Some statements were questionable like saying the Gaza Strip is not part of Israel. It may not be for long, but it is now. The authors are PhDs and should at least know what is generally known. Another misstatement is "one degree of latitude is always 69 miles..." True if you round off to the units place, but it is not absolutely true. 1 deg lat at the equator is 68.7 miles and at 80 degrees it = 69.4 miles. A minor point to be sure, but their statement was an absolute, which is wrong.

I know something about comparing apples to apples. If one wants to make a comparison, in order for it to make sense, everything has to be kept constant while only one variable is changed. Sometimes their method of analysis does not make sense. For example in chapter 8 on Map Generalization and Classification, pages 152 - 154, the subject is Data Classification. To make their points they show 4 series of maps covering Qualitative Point data, Qualitative Line data, Quantitative Point data and Quantitative line data. The first series (Qualitative Point data) of maps violate the basic comparison rule, whereas the other 3 series' do not. The first three maps in the first series are titled "Most Important Social Issues, Community Social Concerns and Predicted Party Affiliation. Three different maps showing different data. But the other three series titles are consistent: Tourist roads, tourist roads, tourist roads; Toxins, toxins, toxins; and Speeds, speeds and speeds. In the latter 3 series Tourist roads, and then Toxins and then Speeds are kept constant and the changes in the way the mapping is done clearly shows why in each case the latter map is the better one. However, in the first everything changes from map to map. Each data point changes and conveys something different. One cannot understand how the last map (Predicted Party Affiliation) is better than the one showing Most Important Social Issues.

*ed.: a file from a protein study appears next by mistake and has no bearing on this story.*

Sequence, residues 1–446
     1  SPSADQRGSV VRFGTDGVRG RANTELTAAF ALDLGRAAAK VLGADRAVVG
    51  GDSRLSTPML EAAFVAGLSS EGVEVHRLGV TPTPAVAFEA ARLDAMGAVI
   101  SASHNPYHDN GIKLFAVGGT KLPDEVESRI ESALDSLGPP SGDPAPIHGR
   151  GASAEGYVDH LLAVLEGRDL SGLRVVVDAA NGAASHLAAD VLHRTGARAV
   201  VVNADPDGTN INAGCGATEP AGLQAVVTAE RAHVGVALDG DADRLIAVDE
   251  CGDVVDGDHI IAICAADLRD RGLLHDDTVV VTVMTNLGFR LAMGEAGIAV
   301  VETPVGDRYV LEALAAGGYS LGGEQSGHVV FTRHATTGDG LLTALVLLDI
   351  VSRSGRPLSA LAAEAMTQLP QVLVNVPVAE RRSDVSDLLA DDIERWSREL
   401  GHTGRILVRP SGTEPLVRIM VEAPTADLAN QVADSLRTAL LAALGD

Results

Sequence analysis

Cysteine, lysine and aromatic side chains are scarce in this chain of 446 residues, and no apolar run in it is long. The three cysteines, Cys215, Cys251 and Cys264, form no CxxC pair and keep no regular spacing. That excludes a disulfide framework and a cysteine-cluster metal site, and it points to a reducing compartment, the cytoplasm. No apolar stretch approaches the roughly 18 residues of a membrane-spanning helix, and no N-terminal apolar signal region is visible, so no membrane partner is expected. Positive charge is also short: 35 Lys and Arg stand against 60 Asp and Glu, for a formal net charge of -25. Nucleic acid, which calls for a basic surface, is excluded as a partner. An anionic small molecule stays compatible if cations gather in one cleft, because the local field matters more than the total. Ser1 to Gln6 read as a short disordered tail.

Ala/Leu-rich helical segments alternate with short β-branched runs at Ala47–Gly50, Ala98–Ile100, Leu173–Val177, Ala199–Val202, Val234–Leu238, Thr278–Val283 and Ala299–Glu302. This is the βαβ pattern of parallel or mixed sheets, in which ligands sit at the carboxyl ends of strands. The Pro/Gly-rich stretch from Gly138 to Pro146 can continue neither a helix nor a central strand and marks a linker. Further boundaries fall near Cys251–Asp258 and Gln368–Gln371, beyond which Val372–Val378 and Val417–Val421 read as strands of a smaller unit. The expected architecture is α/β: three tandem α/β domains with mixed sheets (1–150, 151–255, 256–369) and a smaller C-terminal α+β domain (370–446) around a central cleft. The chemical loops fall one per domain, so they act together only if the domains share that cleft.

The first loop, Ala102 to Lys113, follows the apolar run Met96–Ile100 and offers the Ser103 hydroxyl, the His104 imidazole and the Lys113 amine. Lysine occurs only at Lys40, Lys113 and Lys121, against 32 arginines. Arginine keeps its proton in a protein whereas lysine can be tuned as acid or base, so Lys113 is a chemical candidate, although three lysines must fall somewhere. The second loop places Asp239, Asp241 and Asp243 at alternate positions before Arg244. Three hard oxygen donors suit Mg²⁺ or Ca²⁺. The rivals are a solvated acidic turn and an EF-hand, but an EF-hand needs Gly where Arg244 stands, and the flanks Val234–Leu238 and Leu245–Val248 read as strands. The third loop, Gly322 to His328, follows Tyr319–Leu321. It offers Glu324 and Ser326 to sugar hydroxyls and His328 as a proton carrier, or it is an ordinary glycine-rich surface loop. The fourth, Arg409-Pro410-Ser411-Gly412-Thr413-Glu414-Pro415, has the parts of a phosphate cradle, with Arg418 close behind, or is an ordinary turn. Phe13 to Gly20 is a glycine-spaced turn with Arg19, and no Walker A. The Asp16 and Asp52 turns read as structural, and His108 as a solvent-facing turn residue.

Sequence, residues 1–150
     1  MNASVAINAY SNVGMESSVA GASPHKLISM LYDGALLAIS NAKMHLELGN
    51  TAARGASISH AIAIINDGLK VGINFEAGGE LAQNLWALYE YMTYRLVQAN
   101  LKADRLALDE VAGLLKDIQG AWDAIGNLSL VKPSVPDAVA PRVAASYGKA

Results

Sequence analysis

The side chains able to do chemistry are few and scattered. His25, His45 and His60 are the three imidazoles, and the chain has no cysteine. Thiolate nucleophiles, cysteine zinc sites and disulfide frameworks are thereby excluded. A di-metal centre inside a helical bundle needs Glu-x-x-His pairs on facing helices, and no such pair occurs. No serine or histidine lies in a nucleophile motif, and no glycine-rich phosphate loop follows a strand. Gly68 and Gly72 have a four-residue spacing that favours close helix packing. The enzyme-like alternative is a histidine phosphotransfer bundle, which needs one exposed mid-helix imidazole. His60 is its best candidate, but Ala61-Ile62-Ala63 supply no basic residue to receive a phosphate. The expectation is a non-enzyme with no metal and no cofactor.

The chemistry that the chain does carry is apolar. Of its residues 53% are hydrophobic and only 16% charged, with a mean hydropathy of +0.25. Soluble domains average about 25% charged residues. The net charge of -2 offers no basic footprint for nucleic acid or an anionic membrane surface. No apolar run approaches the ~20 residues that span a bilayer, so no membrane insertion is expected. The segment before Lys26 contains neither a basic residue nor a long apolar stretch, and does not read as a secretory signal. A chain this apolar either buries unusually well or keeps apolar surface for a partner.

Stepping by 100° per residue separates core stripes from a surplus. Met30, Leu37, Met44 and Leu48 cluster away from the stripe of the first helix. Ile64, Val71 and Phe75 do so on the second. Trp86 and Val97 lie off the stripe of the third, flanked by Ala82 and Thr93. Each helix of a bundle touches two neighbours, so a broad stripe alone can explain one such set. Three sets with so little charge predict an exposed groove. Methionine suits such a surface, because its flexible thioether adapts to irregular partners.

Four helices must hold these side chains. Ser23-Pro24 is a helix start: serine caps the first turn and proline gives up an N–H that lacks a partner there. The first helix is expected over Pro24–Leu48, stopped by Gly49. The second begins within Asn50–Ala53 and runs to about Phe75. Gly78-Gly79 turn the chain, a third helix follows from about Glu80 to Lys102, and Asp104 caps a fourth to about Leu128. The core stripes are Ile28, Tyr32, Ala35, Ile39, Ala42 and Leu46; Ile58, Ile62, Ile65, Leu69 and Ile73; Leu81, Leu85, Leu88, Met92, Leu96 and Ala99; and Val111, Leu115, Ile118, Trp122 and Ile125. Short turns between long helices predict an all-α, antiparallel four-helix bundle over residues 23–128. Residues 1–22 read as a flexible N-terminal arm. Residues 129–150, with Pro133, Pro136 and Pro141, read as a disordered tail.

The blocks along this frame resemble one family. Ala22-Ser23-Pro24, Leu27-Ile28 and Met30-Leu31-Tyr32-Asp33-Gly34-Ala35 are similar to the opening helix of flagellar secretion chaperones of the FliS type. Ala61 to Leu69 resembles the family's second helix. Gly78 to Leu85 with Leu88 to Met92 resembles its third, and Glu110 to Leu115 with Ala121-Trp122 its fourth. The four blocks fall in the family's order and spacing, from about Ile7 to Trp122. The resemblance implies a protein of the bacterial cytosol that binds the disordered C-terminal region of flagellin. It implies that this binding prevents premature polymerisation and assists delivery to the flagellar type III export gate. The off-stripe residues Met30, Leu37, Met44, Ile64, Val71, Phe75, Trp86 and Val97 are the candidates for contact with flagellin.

In chapter 9 on page 196 the subject is Surface Maps. The definition for Isopleth maps is given, but Isorythmic maps are not mentioned. Reading their definition of Isopleth maps sounds a little like the definition of Isorythmic maps. The confusion comes from the fact that both deal with surface maps. Isopleth maps have constant value contour lines whereas the Isorythmic maps deal with shading of colors to indicate the changes in the surface values. And even though they define Isopleth maps, they show Isorythmic maps as examples (???). Bottom line the book is not the quality I would expect from authors who apparently have high qualifications. The book is more akin to a undergraduate term paper.

There are places where the writing is good and allows the reader to learn something, then the style gets weird, or parenthetical or changes person, or there are missing sentences. I don't know how to categorize it. Just strange.

They include a map of the flight of the voyager in each chapter and show why it is good according to the subject of that chapter. That is a good approach. I can learn by looking at the map.

But finally, they include a picture of an ugly naked woman. Hey guys if you are going to show naked women, at least include ones worth looking at.

I would not recommend the book.
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2 of 15 people found the following review helpful
1.0 out of 5 stars Absolutely USELESS, February 7, 2013
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This review is from: Making Maps, Second Edition: A Visual Guide to Map Design for GIS (Paperback)
This book is better being burned. I got nothing out of this so-called "book" and still managed to get an A in the class. For some reason, the authors think that pretty pictures and uniquely formatted text is supposed to be meaningful. I think stabbing myself in eye would have been more educational.
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Making Maps, Second Edition: A Visual Guide to Map Design for GIS
Making Maps, Second Edition: A Visual Guide to Map Design for GIS by John Krygier (Paperback - March 23, 2011)